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Worker's disability denial affirmed at 7th Circuit

July 31, 2012
Dave Stafford
A former worker whose degenerating discs and spondylolisthesis caused her to no longer be able to work as a sales rep for AstraZeneca was not improperly deprived of benefits when the insurer terminated them.
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Coachmen, All-American win appeal in hotel dispute

July 30, 2012
Dave Stafford
The 7th Circuit Court of Appeals affirmed a District Court ruling in favor of two Indiana companies that were involved in a Tennessee hotel project that failed to develop.
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$2.9M verdict in mill accident case upheld

July 27, 2012
Jennifer Nelson
The 7th Circuit Court of Appeals has affirmed the admittance of an expert’s opinion as to causation of an accident at a northern Indiana steel rolling mill, finding the federal court properly denied a company’s Daubert motion to bar that testimony.
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7th Circuit reverses ACCA enhancement

July 24, 2012
Jennifer Nelson
Based on a sparse record of evidence that the District Court could consider in determining whether a man can be sentenced under the Armed Career Criminal Act, the 7th Circuit Court of Appeals found the government didn’t meet its burden to prove two of the man’s previous convictions from events on the same day were separate predicate offenses under the Act.
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Judges affirm construction company had to pay into union funds

July 23, 2012
Jennifer Nelson
The 7th Circuit Court of Appeals agreed with an Indiana federal court that a construction company that entered into a working agreement with a cement masons union had to contribute to two funds for all hours worked, not just bargaining unit work.
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Man not entitled to disability benefits

July 20, 2012
Jennifer Nelson
The 7th Circuit Court of Appeals was sympathetic to a man’s medical condition but affirmed the decision by an administrative law judge that he’s not disabled is supported by the evidence.
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7th Circuit certifies questions for Kansas Supreme Court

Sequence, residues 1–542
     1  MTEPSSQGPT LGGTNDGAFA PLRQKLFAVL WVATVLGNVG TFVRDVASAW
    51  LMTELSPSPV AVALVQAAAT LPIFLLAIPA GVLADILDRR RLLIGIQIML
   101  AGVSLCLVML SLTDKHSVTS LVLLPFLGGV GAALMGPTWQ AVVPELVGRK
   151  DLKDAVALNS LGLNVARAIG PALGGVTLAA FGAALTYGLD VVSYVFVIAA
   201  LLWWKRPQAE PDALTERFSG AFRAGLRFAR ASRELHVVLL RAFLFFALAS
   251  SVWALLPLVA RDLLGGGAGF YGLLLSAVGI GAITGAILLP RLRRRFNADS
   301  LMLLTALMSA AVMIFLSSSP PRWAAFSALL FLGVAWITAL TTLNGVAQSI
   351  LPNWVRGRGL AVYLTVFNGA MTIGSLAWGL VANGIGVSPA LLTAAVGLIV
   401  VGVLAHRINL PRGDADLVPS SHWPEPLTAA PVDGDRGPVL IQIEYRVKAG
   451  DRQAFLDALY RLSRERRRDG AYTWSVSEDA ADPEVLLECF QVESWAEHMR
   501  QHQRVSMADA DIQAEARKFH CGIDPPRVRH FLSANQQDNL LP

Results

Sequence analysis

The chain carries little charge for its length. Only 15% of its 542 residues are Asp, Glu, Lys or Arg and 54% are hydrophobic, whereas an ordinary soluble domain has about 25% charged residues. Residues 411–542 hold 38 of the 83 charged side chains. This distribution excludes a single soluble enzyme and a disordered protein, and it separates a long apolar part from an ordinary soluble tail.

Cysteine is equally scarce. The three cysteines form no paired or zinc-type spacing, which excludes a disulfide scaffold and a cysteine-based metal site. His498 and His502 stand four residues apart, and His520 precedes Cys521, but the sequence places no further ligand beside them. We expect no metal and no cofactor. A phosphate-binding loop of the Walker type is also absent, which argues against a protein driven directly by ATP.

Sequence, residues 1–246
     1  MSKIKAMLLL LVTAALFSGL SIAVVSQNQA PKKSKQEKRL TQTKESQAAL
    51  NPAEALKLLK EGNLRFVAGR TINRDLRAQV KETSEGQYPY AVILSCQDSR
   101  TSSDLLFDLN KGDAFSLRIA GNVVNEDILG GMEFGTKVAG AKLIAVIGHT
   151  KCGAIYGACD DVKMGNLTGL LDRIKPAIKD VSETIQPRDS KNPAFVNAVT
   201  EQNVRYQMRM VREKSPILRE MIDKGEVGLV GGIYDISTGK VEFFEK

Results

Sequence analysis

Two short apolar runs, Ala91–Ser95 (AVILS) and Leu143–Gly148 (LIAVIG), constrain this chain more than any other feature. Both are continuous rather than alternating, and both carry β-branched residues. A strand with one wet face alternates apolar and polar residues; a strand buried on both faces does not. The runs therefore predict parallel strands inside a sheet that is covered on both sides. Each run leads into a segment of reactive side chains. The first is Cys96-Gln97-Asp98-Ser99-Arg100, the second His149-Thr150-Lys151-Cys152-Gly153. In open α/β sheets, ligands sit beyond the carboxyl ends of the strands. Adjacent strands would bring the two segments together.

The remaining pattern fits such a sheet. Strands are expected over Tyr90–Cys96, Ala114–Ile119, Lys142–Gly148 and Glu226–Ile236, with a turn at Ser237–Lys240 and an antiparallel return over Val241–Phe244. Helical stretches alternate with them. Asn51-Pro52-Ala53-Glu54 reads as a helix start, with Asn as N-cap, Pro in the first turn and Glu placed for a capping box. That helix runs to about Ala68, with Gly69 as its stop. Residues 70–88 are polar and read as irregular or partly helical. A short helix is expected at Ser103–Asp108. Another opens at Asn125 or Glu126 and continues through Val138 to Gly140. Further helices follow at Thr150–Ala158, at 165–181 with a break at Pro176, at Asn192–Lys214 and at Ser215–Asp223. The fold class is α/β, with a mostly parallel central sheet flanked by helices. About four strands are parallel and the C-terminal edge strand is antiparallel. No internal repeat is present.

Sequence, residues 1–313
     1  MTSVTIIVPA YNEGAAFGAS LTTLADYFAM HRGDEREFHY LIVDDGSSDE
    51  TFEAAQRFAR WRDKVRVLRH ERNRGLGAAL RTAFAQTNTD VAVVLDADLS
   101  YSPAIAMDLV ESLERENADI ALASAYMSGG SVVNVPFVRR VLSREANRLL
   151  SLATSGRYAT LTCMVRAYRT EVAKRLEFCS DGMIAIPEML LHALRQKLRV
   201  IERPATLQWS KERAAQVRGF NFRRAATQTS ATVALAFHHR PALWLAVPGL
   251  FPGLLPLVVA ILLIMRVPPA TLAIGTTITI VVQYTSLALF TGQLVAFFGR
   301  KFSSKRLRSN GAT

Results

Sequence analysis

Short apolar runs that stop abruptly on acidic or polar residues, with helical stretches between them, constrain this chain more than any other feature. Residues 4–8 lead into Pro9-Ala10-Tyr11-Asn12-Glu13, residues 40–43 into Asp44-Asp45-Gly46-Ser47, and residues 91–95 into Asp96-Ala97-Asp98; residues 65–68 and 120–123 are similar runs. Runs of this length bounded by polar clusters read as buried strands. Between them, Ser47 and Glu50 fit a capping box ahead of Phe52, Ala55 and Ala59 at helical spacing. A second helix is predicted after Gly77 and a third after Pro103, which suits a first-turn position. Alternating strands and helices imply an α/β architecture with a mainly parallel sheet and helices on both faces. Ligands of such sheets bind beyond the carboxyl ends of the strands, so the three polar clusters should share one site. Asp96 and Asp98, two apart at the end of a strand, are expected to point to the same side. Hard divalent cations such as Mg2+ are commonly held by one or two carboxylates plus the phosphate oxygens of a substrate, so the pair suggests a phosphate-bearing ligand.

July 12, 2012
Jennifer Nelson
The 7th Circuit Court of Appeals was unable to determine under Kansas law how that state’s Supreme Court would rule on whether FedEx drivers are employees or independent contractors, so the court sent two certified questions to the Kansas justices.
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Judges disagree over impact of mental illness label at sentencing

July 11, 2012
Jennifer Nelson
7th Circuit Court of Appeals Judge Diane Wood believed that Michael Dean Overstreet, who was convicted of killing Franklin College student Kelly Eckart in 1997, was prejudiced by his attorneys’ decisions at sentencing regarding which experts should testify about his mental illness.
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7th Circuit upholds conviction over DEA agent withholding evidence

July 6, 2012
Dave Stafford
A man convicted of federal charges of distributing cocaine was not deprived a fair trial after a government agent failed to record or relay exculpatory evidence from a co-defendant, the 7th Circuit Court of Appeals ruled Friday.
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7th Circuit affirms life sentences in prostitution ring

July 6, 2012
Dave Stafford
Two men sentenced to life in prison on an assortment of federal charges related to a prostitution ring involving underage girls that operated in northwest Indiana failed in their appeal before the 7th Circuit Court of Appeals on Friday, but judges asked the trial court to clarify the sentence for a third defendant.
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7th Circuit reinstates insurer’s case against shipper

July 5, 2012
Dave Stafford
An insurer’s lawsuit against an Indianapolis-based shipping company involving a loss of more than $1 million has been reinstated by the 7th Circuit Court of Appeals.